Pat Dorsey: So, the plant incurs most of the cost and most of the benefits kind of occur at the corporate level. That's got to be a sales problem for you. So, how do you overcome that? Do you sort of connect plant manager to each other or how do you try to overcome that obstacle?
John Norris: Well, the first is what you just described. You have to get the plant manager to buy in that this is a solution that works at their plant, get them to believe that. So, the marketing has to be at the plant level and they're going to believe their fellow utility brethren a lot more than they're going to believe some vendor. Once you get the plant manager though to believe it, you then have to also have convinced the Senior VP level that this is good because that's where all the benefits are coming into at the fuel buyer and at the trading desk. So, it's really a two-prong, two-level sales effort.
Pat Dorsey: And so, there is a process in the US then it sounds like it's going to be incremental in some ways. It's kind of plant-by-plant to some extent?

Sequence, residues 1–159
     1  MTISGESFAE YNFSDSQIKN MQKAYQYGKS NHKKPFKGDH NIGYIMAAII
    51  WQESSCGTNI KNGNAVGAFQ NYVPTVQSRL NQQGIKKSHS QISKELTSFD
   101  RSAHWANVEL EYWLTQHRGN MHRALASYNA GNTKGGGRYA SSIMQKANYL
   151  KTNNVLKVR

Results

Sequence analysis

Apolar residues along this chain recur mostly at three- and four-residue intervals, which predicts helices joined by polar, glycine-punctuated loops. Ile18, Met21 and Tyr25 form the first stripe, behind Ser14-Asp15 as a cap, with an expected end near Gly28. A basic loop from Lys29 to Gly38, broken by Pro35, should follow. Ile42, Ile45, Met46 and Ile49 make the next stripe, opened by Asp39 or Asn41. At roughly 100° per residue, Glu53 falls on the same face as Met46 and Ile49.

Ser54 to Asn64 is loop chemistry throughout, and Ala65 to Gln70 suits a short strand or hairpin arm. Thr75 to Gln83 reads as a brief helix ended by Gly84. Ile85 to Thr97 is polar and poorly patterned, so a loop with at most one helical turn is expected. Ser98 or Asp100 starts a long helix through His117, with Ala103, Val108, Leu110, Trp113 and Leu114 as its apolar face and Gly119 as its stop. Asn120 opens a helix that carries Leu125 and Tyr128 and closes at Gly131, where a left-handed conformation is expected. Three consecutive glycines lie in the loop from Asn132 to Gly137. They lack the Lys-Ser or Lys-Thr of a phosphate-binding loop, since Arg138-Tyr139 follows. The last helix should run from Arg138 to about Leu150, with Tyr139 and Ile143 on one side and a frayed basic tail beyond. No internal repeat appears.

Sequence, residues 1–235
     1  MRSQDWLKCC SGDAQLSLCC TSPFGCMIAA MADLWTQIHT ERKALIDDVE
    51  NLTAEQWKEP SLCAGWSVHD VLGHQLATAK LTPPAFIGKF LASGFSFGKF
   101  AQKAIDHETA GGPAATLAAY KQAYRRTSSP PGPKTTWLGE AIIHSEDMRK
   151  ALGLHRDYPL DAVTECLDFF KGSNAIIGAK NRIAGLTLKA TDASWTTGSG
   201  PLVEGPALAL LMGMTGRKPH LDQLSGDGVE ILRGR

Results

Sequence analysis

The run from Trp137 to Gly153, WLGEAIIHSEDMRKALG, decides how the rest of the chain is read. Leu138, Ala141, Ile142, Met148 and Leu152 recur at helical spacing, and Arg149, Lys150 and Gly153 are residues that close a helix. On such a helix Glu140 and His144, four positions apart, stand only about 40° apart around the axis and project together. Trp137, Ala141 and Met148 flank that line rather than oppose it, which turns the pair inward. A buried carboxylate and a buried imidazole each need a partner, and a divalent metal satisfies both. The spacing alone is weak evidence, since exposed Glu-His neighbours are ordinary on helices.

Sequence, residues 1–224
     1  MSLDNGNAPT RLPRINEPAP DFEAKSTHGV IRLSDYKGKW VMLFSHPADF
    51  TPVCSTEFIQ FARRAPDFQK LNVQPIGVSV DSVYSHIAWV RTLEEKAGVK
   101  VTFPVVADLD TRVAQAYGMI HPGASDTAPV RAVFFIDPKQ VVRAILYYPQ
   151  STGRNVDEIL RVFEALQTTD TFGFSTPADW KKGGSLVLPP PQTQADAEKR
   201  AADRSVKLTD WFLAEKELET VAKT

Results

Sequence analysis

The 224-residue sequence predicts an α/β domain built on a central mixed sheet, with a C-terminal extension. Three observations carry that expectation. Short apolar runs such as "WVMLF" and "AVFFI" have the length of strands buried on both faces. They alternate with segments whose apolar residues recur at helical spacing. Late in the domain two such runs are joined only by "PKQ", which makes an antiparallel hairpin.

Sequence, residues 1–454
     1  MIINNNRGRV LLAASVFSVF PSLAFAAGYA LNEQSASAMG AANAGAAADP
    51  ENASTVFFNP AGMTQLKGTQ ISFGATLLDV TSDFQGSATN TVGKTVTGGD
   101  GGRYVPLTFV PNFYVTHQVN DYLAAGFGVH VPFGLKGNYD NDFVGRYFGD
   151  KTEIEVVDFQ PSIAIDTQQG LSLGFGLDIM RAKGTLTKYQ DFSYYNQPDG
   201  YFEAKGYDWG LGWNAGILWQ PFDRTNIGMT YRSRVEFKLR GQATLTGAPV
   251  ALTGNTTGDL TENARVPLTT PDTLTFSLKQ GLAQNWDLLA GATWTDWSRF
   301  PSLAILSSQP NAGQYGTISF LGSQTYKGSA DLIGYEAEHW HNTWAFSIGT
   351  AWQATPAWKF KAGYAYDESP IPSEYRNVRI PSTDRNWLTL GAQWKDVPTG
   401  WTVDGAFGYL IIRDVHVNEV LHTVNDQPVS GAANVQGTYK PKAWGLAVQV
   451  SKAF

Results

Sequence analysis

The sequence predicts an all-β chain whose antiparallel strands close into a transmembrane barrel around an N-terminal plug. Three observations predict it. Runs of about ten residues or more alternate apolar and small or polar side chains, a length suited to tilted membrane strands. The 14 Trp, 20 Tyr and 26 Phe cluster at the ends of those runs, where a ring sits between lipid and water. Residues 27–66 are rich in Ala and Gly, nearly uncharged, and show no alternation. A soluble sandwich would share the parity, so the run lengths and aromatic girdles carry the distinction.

John Norris: Well it is, but utilities do not want to be the first to do anything. We used to laugh at…
Pat Dorsey: Fairly conservative industry.
John Norris: …they call it the bleeding edge as opposed to the leading edge. You don't want to be first or second or third, but you also don't want to be last. Once you can get that snowball of acceptance going, then actually the acceptance rate can go up dramatically. We hope we're on that cusp of that…
Pat Dorsey: That acceptance curve?
John Norris: Absolutely.
Pat Dorsey: Sure. Well, now moving over to China. You know the big news last year was your partnership with the ITOCHU to sell some of the FUEL CHEM and the emissions control solutions into China. Give us any updates you think that might be useful on how that relationship is going?
John Norris: Relationship is going well. We've lots of project leads. We have now one project due to the extremely cold winter that's delayed to get started up with our system until this summer, but the sales process is going with lots of opportunities on the FUEL CHEM side. Our air pollution control equipment is probably going to see quicker success, more quick success in there in 2008 because NOx reduction is a big deal.